MSA hopefuls say they’re perfect mates

Emily Babcock

Moments after a mutual friend introduced her to Kevin Nicholson, Brook Anderson knew they had a spark that could make a difference as leaders of the Minnesota Student Association.
Nicholson, a College of Liberal Arts sophomore who is campaigning for president with fellow CLA sophomore Anderson, said he felt the spark, too. Nicholson said he never would have run without meeting the perfect running mate.
“You want to lead where you can make the most difference,” Nicholson said. “That is the bottom line. There is a desire to get out and do things.”
The pair wants to use their leadership skill to ensure that student’s voices are connected to issues such as transportation, student unions and computer services.
Nicholson has served as chairman for both the University Student Senate’s consultative committee and the Student Services Fees Committee. He is also active with metro area college Democrats and the University-DFL chapter.
Nicholson describes his leadership experience as having “been through the fire,” where he has learned to understand criticism and working with people on a professional level.
The experience in leadership roles is what separates the Nicholson and Anderson ticket from all other candidates, Nicholson said.
Anderson said most of her political experience comes from growing up as the youngest of 10 siblings. She had to learn the values of compromise and communication. As a member of Alpha Phi sorority, Anderson has served as director of campus activities and as recruitment chairwoman. She is currently the vice president of marketing for the Panhellenic Council and a health advocate for Boynton Health Service.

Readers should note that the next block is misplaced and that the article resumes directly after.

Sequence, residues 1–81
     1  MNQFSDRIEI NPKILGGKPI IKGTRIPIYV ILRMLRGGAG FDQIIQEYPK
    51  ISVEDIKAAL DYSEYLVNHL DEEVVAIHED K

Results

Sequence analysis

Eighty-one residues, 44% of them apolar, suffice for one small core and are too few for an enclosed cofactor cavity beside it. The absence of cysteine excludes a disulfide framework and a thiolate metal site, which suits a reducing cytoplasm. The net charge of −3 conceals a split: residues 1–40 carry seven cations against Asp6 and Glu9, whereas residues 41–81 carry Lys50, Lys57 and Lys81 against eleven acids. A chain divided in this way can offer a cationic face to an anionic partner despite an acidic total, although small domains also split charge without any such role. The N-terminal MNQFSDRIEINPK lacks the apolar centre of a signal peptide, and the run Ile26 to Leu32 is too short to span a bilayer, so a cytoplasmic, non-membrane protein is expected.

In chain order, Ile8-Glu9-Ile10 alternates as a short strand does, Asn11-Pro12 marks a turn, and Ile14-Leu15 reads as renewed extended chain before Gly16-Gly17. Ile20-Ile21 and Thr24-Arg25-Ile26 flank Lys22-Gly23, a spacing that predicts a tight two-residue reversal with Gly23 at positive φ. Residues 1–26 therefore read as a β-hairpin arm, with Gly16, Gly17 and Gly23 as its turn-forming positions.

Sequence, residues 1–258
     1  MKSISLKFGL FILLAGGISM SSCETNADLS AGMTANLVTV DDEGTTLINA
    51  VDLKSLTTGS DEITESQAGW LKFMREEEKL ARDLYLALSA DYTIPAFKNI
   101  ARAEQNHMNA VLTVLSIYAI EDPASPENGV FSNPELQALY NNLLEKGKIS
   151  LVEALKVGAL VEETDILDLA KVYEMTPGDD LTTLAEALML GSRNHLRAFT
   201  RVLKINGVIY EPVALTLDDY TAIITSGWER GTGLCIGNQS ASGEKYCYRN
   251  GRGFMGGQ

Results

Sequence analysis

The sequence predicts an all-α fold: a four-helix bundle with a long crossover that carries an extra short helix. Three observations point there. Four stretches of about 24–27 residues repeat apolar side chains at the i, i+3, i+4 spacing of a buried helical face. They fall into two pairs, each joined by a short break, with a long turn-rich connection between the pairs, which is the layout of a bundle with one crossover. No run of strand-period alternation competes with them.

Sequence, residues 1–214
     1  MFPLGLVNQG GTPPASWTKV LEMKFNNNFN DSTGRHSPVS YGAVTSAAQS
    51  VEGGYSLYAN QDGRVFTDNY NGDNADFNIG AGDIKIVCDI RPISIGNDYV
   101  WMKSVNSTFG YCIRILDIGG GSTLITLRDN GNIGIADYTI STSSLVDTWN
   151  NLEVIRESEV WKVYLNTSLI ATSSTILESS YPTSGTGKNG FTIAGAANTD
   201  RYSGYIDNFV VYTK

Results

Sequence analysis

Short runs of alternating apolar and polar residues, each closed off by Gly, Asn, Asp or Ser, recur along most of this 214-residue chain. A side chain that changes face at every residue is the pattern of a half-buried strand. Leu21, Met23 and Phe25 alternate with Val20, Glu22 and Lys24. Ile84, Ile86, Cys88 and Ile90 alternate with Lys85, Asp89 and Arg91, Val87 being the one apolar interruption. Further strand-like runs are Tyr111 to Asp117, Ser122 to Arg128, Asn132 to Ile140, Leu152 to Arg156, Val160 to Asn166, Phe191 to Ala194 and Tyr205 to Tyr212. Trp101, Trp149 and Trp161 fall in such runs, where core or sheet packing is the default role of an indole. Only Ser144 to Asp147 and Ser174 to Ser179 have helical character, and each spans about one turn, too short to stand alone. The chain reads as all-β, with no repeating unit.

Nicholson said he was exposed to political discussions at a young age by his family, and that this piqued his interest.
“I started spending Saturday afternoons with my grandfather when I was about 5 years old,” he said. “Before we could go out and play baseball, we would sit down and watch ‘Meet the Press.’
“The best form of public relations is action,” Nicholson said. “Once they see results, they’ll be twice as interested.”
The twosome would like to organize public forums for public officials on campus where students would have the opportunity to talk with officials such as legislators or the mayor. Issues that concern students, such as neighborhood safety, cannot be solved at the University level, Nicholson said.
“I can’t claim to know every student’s issues,” Nicholson said. “But I can provide a forum for which they can express their issues.”
Working to increase bus service between the Minneapolis and St. Paul campuses as well as across the 10th Avenue Bridge is an issue Anderson said the duo would work on next year with the student association.
There is a general lack of understanding around campus about what MSA is and what it can do for the average student, Anderson said. The best way to resolve this is to simply go out and talk with students, she said.
“The problem now is that it is students working for students instead of students working with students,” Anderson said.
Students should also be more engaged in the planning of projects like the renovation of Coffman Union and creating reciprocity between Boynton Health Service and campus health services across the state, Nicholson said.
He added that he would like to see the formation of a judicial branch to the organization to alleviate some of the infighting by settling disputes outside the forum, and to help make MSA meetings more productive.
“It’s only as good as its voice,” Nicholson said. “And the voice is only as good as the leaders.”